High-EQ personality

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A “‘high-EQ personality’” (“EQ” stands for “emotional quotient”) is characterized by high adjustment, sociability, sensitivity, and prudence. High-EQ people have lower levels of creativity and innovation potential, difficulty giving and receiving negative feedback, reluctance to ruffle people’s feathers, a well-developed ability to manipulate others, and an aversion to risk.

A high-EQ girl can at first seem like a borderline personality disorder (BPD) girl, but the difference is that unlike the BPD girl, she will not have sex with an incel. This is because her tendency is to resist her impulses and make measured decisions, rather than idealizing a man she barely knows and impulsively jumping on his dick.

Also, unlike BPD, having a high EQ is not considered a mental illness, because people with a high EQ can function quite well in society in roles that play to their strengths. They are less likely to engage in overtly self-destructive behavior; if anything, what will sabotage them is their tendency to err on the side of safety.[1]

Criticism of the concept of EQ[edit | edit source]

Many contemporary psychometricians think the term ‘EQ’ is either invalid or just describing already well known cognitive/personality constructs in a confused way. They think EQ term is hinting at something they regard as more scientifically consistent or valid, called the General Factor of Personality or GFP. The GFP also has its criticisms, particularly along the lines of allegedly being too linked to eugenics, though the same criticisms can be leveled at the broadly accepted big five model of personality, and indeed much of modern psychology, given the contribution of people linked with eugenics to these things.[2][3]

EQ is typically depicted as a mixture of the ability to ‘perceive and understand’ other’s emotional states and the ability to manage one’s emotional states, on the other hand.[4]

These two sub-factors of EQ or EI (emotional intelligence) can be thus separated into ability (emotional recognition capability) EI and trait EI (the ability to manage one’s emotional states and respond appropriately to the emotional states of others). The first facet of EQ, ability EI, is inferior in predictive validity in terms of emotional recognition than crystallized intelligence, with fluid intelligence also positively predicting emotional recognition ability.[5] In this study, trait EI did not predict emotion recognition ability, a finding which the authors proposed ‘called into question the validity of the global EI construct.[6]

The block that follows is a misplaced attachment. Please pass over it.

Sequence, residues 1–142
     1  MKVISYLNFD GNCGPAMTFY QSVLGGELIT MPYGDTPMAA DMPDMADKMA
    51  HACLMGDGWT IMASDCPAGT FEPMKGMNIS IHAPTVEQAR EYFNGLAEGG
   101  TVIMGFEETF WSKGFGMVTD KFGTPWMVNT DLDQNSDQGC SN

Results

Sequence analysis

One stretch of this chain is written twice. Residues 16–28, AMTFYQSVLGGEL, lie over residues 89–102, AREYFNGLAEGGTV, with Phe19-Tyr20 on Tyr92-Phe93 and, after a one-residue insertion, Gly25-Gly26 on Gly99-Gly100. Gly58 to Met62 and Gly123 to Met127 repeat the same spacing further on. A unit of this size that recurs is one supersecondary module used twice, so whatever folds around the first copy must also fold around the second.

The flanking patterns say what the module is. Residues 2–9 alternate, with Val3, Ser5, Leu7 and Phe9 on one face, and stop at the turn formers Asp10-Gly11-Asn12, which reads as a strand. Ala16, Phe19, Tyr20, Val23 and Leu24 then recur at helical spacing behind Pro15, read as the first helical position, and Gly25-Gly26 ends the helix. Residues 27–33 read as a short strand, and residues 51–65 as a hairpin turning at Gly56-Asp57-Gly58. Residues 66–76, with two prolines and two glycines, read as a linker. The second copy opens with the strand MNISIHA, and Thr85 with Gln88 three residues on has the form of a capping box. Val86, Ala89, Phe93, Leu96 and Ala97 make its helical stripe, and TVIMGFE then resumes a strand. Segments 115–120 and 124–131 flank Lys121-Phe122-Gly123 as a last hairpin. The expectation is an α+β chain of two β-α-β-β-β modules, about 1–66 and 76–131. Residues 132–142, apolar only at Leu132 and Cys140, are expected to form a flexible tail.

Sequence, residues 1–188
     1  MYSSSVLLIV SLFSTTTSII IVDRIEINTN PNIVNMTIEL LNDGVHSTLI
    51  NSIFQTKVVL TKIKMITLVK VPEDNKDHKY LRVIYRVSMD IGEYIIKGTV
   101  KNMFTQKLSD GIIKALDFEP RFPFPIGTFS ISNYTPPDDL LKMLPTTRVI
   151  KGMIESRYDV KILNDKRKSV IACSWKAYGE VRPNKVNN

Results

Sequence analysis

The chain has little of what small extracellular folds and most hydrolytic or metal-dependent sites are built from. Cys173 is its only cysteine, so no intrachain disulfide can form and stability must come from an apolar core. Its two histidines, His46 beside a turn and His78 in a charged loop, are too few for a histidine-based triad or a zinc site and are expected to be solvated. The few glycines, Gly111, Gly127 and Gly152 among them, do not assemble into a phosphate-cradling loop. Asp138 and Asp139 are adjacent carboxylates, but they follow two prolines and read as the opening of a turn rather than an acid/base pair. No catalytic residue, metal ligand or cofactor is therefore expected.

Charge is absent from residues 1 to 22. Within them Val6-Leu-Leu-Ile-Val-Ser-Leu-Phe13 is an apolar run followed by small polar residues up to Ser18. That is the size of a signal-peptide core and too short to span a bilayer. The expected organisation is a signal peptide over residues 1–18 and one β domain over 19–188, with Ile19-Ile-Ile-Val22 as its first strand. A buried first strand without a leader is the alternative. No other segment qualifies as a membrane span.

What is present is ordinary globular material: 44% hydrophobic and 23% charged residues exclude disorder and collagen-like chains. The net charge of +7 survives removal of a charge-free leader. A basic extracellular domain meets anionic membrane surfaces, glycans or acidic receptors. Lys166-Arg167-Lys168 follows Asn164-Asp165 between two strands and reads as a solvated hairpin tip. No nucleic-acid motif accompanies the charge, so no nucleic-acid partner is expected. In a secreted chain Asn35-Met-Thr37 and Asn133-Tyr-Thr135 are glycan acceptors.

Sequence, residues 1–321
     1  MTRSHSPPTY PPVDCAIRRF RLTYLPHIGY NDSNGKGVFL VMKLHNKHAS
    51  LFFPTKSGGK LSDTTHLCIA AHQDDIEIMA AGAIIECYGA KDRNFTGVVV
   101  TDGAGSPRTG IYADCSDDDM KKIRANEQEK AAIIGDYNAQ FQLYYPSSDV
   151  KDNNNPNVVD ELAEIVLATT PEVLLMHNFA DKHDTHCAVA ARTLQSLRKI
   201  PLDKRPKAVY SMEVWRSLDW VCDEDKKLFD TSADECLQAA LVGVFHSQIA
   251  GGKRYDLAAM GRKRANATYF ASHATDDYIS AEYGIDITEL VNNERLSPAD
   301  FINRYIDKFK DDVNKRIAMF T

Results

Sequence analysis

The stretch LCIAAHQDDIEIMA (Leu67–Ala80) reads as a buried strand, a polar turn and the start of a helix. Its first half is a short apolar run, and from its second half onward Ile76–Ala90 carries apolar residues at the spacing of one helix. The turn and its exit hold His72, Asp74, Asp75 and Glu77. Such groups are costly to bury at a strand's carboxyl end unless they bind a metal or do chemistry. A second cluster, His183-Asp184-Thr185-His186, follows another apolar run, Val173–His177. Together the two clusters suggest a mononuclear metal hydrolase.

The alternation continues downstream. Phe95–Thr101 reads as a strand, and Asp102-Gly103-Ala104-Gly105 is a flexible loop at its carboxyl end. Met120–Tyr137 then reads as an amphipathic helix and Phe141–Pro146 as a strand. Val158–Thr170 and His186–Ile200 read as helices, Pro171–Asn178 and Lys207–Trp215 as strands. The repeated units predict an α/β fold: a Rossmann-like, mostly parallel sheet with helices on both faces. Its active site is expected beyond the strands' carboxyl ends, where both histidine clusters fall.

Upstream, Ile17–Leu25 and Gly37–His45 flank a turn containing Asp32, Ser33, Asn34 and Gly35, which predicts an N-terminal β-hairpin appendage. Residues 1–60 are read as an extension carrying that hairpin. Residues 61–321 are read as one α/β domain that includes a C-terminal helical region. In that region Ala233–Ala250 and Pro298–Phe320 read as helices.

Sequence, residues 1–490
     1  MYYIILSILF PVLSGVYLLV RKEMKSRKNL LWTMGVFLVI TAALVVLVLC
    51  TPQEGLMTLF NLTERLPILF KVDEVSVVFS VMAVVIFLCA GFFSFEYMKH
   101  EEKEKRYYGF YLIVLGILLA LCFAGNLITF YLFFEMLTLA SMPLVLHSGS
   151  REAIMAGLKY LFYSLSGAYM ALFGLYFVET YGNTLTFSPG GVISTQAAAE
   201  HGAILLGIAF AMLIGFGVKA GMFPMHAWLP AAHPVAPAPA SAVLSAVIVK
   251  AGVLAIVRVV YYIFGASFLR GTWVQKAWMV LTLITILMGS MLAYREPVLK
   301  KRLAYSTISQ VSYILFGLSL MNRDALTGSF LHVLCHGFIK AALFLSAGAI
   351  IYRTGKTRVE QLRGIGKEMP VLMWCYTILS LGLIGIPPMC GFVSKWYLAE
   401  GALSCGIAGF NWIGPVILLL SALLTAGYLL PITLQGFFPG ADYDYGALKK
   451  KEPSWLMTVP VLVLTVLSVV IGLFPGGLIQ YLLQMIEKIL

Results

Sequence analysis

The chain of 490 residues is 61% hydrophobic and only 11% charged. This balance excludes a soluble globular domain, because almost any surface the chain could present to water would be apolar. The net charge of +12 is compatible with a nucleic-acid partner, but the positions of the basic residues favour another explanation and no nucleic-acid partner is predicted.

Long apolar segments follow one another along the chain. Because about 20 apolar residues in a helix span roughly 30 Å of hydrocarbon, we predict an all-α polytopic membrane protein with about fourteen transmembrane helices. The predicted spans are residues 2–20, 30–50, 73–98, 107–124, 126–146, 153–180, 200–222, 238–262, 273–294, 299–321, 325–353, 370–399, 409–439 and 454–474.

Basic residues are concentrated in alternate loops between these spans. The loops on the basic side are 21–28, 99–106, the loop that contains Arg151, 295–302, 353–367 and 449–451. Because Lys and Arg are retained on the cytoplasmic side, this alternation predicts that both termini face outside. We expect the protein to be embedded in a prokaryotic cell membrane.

In terms of trait EI itself, research has found that it heavily overlaps with the big five and HEXACO models of personality derived from factor analyses of the intercorrelations between narrow self-described personality traits. Anglim et al. (2021) found that “trait EI is largely captured by the HEXACO personality framework, whereby extraversion or the GFP provides a rough initial approximation”. Correlations between total EI and HEXACO extraversion were r = .67, and the correlation between total EI and the General Factor of Personality (proposed general factor underlying the big five or other factor based personality models) was between .53-.64.[7]

A more recent study conducted on Indian university students found that big five neuroticism was the largest individual predictor of trait EI, with less neurotic students therefore being more 'emotionally intelligent'.[8] Supporting this finding, Alegre, Pérez-Escoda & López-Cassà (2019) had earlier concluded that total EI lacked discriminate validity vis-à-vis extant personality constructs. They found that trait EI, in particular, correlated strongly negatively with neuroticism and correlated highly positively with the GFP extracted from the big five. This team concluded that their findings “suggest that [the GFP and trait EI] may represent above all just the absence of neuroticism in a person.[9]

Schulte, Ree & Carretta (2004) had earlier concluded EQ strongly correlated with agreeableness and moderately with general intelligence, so it offers very little for predicting human performance over existing psychological concepts.[10]

These findings, taken together, do suggest that overall EI has little predictive validity on its own when IQ and a mixture of big five personality traits are taken into account, and is mostly describing a mixture of social effectiveness promoting individual traits in a different manner. Other researchers seek to subsume the ability facet of emotional intelligence itself under the construct of broader general intelligence, meaning that the cognitive elements of EI are not distinct from IQ but rather a component of it.[11] Some factor analytical studies have supported this notion, finding that broad EI is a distinct subfactor of g, being itself distinct from crystallized intelligence and other subfactors of g such as long-term memory and quantitative intelligence under the Cattell-Horn-Carroll (CHC) theoretical model of general intelligence.[12]

Nevertheless, some personality researchers argue that EI does predict negative emotional states above and beyond the big five, though to a small degree. This analysis focused on sub-facets of big five neuroticism, with the authors suggesting that these could be better conceptualized as evidence that trait EI mediates the effects of neuroticism on well-being.[13]

See also[edit | edit source]

References[edit | edit source]